Gardens by the Bay

Dhruvika writes on sustainable practices in various sectors for BuzzOnEarth. Get in touch with her at dhruvika@buzzonearth.com. Sometimes she reads her emails too.

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Gardens by the Bay, the gorgeous botanical gardens located in central Singapore, are more than just a tourist paradise. The stunning nature park spanning on a area of 250 acres is high on environmental sustainability with a wide variety of flora and greens. It is located near the Marina Reservoir. The Singapore government aims to transform Singapore from a “Garden City” to a “City in a Garden”.

The Park is listed third on things to do in Singapore Tripadvisor. Created in 2012, it has more than 40 million visitors to date. According to Facebook, the park is one of the World’s top 20 most checked-in places. The mind-blowing architecture consisting of huge domes, supertrees and gardens which are all together are home to more than 1,000,000 plants.

Gardens by the Bay

The park was first announced by Prime Minister of Singapore Lee Hsien Loong in 2005 to be built as an outdoor recreational space and a national icon. The gardens are designed by two British Firms- Grant Associates and Dominic White who were awarded the contract from 70 entries from 24 countries.

 

The Sustainable Model of the Gardens

Garden by the Bay consists of three waterfront gardens- Bay South Garden, Bay East Garden and Bay Central Garden.

Bay South Garden

The largest of the three gardens, Bay South Garden is inspired by an orchid, Singapore’s national flower. It consists of two cooled conservatories – Flower Dome and Cloud Dome, Supertrees and various horticulture themed gardens.

The huge conservatories are designed as a highly sustainable and energy efficient buildings that aim at minimizing the environmental footprint. The specially selected glass allows optimal light in for the plants but reduces a substantial amount of heat. The roof contains sensor-operated sails that open automatically to provide shade to the plants when it gets hot. Rainwater is collected from the surface of the domes and used in the cooling system attached to Supertrees.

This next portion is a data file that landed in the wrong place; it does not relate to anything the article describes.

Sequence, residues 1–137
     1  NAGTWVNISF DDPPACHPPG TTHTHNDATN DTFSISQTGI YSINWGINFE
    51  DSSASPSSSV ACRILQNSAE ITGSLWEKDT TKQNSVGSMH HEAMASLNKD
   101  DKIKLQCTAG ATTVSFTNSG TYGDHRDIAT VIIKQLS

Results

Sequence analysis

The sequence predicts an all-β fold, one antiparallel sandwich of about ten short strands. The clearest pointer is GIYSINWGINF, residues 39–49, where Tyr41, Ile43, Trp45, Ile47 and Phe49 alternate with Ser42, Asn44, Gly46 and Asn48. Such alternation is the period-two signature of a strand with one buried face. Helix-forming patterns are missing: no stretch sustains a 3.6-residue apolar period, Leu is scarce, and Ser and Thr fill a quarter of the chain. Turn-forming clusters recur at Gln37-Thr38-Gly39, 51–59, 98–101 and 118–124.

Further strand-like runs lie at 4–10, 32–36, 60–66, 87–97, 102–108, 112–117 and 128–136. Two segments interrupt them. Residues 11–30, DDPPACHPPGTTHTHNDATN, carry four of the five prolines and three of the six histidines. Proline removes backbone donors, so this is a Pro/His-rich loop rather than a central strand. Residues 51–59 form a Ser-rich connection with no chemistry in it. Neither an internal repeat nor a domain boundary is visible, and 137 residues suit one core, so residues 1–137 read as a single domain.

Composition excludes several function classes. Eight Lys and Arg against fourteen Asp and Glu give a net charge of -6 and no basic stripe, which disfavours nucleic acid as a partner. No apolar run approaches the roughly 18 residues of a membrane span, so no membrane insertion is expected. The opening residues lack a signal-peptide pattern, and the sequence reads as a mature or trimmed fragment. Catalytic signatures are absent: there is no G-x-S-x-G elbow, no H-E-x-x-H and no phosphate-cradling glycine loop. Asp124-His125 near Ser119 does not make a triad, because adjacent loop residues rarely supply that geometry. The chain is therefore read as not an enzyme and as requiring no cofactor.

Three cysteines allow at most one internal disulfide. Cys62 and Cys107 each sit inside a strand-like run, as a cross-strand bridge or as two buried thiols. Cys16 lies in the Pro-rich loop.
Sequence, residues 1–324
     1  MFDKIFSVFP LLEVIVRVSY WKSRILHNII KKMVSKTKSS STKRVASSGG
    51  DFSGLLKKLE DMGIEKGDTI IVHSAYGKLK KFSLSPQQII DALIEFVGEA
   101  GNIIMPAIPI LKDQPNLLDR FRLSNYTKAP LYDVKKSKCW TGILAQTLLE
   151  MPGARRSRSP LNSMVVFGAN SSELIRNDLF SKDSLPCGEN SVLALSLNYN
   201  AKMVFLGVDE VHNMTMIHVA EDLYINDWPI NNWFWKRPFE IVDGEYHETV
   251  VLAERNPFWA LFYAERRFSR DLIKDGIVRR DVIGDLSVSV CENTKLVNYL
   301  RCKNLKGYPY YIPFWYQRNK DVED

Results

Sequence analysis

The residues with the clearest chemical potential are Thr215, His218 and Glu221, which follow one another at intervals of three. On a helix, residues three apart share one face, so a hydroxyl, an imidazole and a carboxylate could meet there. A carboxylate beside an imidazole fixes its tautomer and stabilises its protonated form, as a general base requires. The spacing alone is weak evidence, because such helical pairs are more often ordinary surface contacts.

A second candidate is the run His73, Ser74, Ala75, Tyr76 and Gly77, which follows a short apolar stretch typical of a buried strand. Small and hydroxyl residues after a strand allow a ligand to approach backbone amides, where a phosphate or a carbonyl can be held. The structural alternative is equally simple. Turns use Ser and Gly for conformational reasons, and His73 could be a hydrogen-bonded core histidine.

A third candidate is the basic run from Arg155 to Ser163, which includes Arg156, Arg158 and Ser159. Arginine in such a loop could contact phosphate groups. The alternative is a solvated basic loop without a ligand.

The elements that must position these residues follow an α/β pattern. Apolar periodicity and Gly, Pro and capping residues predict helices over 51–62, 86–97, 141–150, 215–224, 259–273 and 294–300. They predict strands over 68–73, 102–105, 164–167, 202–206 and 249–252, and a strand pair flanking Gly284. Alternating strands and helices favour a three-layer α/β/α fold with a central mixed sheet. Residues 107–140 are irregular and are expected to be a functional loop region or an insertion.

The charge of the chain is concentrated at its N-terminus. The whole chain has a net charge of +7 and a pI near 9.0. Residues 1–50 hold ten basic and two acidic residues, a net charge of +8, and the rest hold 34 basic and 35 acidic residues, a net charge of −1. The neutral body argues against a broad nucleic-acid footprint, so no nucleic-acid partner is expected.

Finally, the Supertrees! The big tree-like structures are not real trees. They are vertical gardens containing exotic ferns, vines, orchids. Some Supertrees are fitted with photovoltaic cells harnessing solar energy that powers the lighting of Supertrees. Some dispatch heat from the top and serve as an air exhaust system.

The electricity is also generated from the biomass waste of the garden thus reducing the dependency on the electric grid. Moreover, the drying agent used for dehumidifying the air in Flower Dome is recycled using the heat from burning the biomass. The whole system works as a biome.

Bay East garden

Bay East Garden borders the Marina Reservoir. It is designed as a series of large tropical leaf-shaped gardens, each with its own specific landscaping design, character and theme. Still developing, it provides a stunning view of the city skyline.

Bay Central Garden

Bay Central Garden acts as a link between the other two gardens. It stretches from the city centre the east of Singapore. The Park is still in its development phase.

 

The Lake System

The gardens lake system is also a crucial part of the magnificent labyrinth of Singapore. An extension of the Marina reservoir, the lake system consists of two lakes – Dragonfly Lake and Kingfisher Lake. It is responsible for cleaning the water from Gardens with the help of aquatic plants before being discharged into the reservoir and also used in the built-in irrigation system for the Gardens. The whole system works as an ecosystem of its own providing home for fishes, dragonflies and aquatic plants.

Gardens by the Bay is an absolute example of a sustainable living. It’s a perfect blend of technology and nature incorporated together in right proportions. The whole system of the Gardens seems like a glimpse of a future with high sustainability, harnessing clean energy and keeping the threat to the environment at bay.

Source – Gardens by the bay

Image Credits- Pixabay

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